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Advisory panel upholds Facebook ban of Trump, with a catch

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A Facebook advisory board has upheld the platform’s suspension of the account of former President Donald Trump, but … and you knew there would be a but.

“The Board insists that Facebook review this matter to determine and justify a proportionate response that is consistent with the rules that are applied to other users of its platform,” the Facebook Oversight Board said in a statement released on Wednesday.

The statement laid out that Facebook must complete its review of this matter within six months.

The Board also made policy recommendations for Facebook to implement in developing “clear, necessary and proportionate policies that promote public safety and respect freedom of expression.”

Facebook suspended Trump’s account on Jan. 7, a day after the insurrection at the U.S. Capitol that Trump had incited among supporters to try to pressure Congress as it was meeting to certify the results of the 2020 presidential election.

The Board found that two posts from Trump during the insurrection “severely violated Facebook’s Community Standards and Instagram’s Community Guidelines.”

Both posts made claims that the election had been “stolen” or “stripped” from Trump and his supporters, whom he referred to as “great patriots.”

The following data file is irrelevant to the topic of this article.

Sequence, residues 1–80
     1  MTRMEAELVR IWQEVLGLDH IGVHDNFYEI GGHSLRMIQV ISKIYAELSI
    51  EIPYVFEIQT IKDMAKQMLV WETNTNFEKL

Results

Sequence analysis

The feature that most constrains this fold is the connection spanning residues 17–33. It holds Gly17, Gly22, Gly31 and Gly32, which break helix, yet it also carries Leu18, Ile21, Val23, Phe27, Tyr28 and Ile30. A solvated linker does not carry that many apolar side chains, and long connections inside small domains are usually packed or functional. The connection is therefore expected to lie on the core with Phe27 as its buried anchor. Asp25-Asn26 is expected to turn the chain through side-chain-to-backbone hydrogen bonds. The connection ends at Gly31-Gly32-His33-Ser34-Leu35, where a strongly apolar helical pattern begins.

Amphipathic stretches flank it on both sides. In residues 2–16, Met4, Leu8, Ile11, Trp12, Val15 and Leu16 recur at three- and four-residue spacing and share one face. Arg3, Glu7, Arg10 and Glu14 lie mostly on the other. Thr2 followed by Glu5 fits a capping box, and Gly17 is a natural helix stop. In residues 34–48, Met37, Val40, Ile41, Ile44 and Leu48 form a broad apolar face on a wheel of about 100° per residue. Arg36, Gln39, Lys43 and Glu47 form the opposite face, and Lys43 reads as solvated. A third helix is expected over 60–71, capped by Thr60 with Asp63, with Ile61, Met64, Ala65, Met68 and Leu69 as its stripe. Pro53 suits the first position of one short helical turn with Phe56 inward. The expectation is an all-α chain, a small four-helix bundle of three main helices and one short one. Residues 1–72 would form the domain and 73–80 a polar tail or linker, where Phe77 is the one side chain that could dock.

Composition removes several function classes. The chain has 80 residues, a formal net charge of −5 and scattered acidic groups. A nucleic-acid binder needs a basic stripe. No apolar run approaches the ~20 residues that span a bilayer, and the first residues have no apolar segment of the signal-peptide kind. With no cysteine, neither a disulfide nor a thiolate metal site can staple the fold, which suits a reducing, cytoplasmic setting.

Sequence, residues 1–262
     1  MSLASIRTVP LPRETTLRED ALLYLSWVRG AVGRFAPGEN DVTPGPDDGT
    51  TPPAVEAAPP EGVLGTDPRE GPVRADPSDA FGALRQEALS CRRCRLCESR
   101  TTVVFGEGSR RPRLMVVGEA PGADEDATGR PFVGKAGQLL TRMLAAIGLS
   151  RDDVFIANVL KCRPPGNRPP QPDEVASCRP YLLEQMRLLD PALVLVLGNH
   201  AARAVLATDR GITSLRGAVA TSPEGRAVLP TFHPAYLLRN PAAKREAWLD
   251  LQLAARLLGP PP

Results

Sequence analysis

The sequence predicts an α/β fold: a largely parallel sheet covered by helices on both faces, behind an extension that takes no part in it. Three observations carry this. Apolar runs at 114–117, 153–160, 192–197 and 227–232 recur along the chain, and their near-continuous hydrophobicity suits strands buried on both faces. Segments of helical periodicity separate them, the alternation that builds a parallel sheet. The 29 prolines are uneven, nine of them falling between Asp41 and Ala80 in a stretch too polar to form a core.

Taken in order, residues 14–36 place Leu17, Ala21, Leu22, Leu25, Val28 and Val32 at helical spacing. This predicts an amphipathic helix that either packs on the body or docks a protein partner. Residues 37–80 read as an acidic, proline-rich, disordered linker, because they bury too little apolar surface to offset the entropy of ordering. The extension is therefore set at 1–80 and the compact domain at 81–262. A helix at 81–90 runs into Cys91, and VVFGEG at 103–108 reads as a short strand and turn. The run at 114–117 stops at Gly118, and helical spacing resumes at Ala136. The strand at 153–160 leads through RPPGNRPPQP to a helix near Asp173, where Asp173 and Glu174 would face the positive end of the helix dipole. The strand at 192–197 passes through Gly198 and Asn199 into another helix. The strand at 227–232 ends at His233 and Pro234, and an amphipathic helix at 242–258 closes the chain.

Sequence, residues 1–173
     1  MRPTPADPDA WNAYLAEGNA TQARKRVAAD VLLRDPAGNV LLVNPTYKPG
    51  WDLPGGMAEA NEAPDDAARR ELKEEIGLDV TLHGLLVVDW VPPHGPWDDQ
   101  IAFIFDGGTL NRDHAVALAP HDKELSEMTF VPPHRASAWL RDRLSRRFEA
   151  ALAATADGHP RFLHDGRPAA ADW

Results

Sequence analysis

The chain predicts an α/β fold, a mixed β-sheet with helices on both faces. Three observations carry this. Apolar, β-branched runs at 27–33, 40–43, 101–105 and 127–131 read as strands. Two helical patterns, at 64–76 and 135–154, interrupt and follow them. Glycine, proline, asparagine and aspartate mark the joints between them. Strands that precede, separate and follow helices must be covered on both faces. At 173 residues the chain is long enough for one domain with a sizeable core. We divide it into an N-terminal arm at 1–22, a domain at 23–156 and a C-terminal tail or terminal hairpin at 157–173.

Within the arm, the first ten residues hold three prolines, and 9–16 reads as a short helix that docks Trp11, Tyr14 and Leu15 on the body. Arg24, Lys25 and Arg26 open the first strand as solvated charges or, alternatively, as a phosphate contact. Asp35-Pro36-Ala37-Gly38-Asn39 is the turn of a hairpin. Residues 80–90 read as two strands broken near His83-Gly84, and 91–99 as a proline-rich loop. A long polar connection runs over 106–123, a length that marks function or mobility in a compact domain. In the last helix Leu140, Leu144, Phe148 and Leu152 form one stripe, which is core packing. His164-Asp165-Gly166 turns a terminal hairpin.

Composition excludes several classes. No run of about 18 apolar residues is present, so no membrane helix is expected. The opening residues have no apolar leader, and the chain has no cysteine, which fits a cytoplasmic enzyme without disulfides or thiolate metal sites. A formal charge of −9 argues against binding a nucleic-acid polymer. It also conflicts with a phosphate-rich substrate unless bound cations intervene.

The Board found that, “in maintaining an unfounded narrative of electoral fraud and persistent calls to action, Mr. Trump created an environment where a serious risk of violence was possible.”

“At the time of Mr. Trump’s posts, there was a clear, immediate risk of harm and his words of support for those involved in the riots legitimized their violent actions,” the Oversight Board statement said. “As president, Mr. Trump had a high level of influence. The reach of his posts was large, with 35 million followers on Facebook and 24 million on Instagram.”

Given the seriousness of the violations and the ongoing risk of violence, Facebook was “justified” in suspending Trump’s accounts on Jan. 6 and extending that suspension on Jan. 7.

But in making the suspension indefinite, “Facebook did not follow a clear, published procedure,” the Board said.

“‘Indefinite’ suspensions are not described in the company’s content policies. Facebook’s normal penalties include removing the violating content, imposing a time-bound period of suspension, or permanently disabling the page and account.

“In applying a vague, standardless penalty and then referring this case to the Board to resolve, Facebook seeks to avoid its responsibilities. The Board declines Facebook’s request and insists that Facebook apply and justify a defined penalty.”

U.S. Sen. Mark R. Warner (D-VA) issued a statement on the Oversight Board decision.

“For years, we saw former President Donald Trump – along with a number of foreign leaders – successfully utilize Facebook and other large social media platforms to sow misinformation, bully opponents, and spread anti-democratic vitriol,” said Warner, chairman of the Senate Intelligence Committee.

“While this is a welcome step by Facebook, the reality is that bad actors still have the ability to exploit and weaponize the platform. Policymakers ultimately must address the root of these issues, which includes pushing for oversight and effective moderation mechanisms to hold platforms accountable for a business model that spreads real-world harm,” Warner said.

Story by Chris Graham


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